The four big stats that summarize how people feel about returning to work
October 10, 2020
Companies around the U.S. are thinking carefully about how to reopen their workplaces amid the COVID-19 pandemic. Employers are under more pressure than ever to protect the health and safety of their employees.
As a workplace platform, we care a ton about how employers are approaching the problem. On our blog and in the popular media, there’s been a great deal of discussion around the measures employers can take. But Envoy is equally committed to creating great experiences for employees—we wanted to understand their concerns. To learn more, we commissioned Wakefield Research to survey 1,000 U.S. full and part-time employees.
The survey revealed that most respondents want to go back to their workplace—at least part of the time. It also demonstrates that they have significant concerns about their employers’ ability to keep them safe. The majority said they might quit their job if they felt their employers’ COVID-19 prevention measures were inadequate.
Here are our top four takeaways from the survey:
#1 Employees are concerned that safety precautions are not enforced and not effective
For employees who have returned to the workplace, 42% say they’ve experienced preventive measures that were either ineffective or not enforced, including six-foot distancing measures (25%), mask requirements (21%), and handwashing requirements (18%). While many employees are still working from home, a fifth (20%) have returned to the workplace in some capacity, and nearly 2 in 5 (39%) never stopped working on-site.
#2 Proximity to sick coworkers and privacy concerns top the list of workplace worries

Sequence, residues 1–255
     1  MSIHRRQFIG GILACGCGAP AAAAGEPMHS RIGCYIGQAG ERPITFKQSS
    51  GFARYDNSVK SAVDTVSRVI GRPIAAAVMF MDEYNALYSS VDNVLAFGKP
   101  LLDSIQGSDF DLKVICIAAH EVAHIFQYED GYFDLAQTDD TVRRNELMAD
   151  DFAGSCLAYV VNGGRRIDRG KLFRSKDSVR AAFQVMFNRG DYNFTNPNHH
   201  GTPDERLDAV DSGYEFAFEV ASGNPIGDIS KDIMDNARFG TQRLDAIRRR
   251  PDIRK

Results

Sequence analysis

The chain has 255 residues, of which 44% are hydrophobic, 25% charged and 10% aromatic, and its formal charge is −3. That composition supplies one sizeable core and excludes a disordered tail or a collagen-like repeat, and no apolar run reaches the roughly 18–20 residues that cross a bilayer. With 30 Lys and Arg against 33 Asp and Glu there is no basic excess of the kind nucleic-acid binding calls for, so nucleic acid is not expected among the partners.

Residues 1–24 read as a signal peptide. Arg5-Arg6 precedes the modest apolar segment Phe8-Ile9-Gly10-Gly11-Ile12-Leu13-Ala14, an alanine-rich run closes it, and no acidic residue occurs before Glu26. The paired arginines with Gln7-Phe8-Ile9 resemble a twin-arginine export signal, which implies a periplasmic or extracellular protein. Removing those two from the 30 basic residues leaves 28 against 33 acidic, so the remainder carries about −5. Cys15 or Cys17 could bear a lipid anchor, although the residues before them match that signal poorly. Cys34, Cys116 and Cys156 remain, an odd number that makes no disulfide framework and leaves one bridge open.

When in their workplace, employees are most concerned about not knowing if someone sick arrives (40%), there are too many people in the workplace at once (31%), and being indoors without proper ventilation (24%).
Despite these concerns, employees don’t want employers to overstep their bounds when it comes to privacy. 37% of employees report they would consider a job switch over privacy concerns, including if their employer sent personal information without privacy measures taken (28%) or asked for personal health information that they weren’t comfortable sharing (21%). Millennials (42%) and Gen Xers (40%) are more likely to consider leaving over privacy concerns than Boomers (27%), showing that younger employees are more likely to be disturbed by intrusive behavior.
#3 Return to work sentiment exposes workplace class divisions
When it comes to sentiment around returning to the workplace, we noticed some disparities between blue and white-collar professionals. Professionals in construction or manufacturing are more likely not to be confident that their co-workers will follow safe workplace procedures (64%) than those in business or tech services (52%). Professionals in business or tech services said they are more likely to consider leaving their job (84%) than those in industries such as construction or manufacturing (71%) and retail or service industry (67%). In our reading, this suggests that many workers don’t have the luxury to consider leaving their job.
#4 People want to return to their workplace
Even with these concerns, an overwhelming majority of employees (90%) miss the workplace and want to spend at least one day a week in their office (94%). Many people have enjoyed the flexibility of working remotely but miss the perks that come with being in an office: the proximity to colleagues, small talk at the water cooler, and of course, lunch and snacks.
Employees want to return to their workplace—in some fashion. To give them the confidence to return to work, employers will need to prioritize employees’ health and safety. Officially out of beta and full of new features, integrations, and partnerships, Envoy Protect can help you and your employees stay safe and healthy. Start using Envoy Protect today.
About the Survey
The Envoy Return to Work Survey was conducted by Wakefield Research among 1,000 U.S. full and part-time employees ages 18+ between August 27th and September 1st, 2020, using an email invitation and an online survey. The data was weighted to ensure an accurate representation of full-time & part-time employees in the U.S., ages 18+.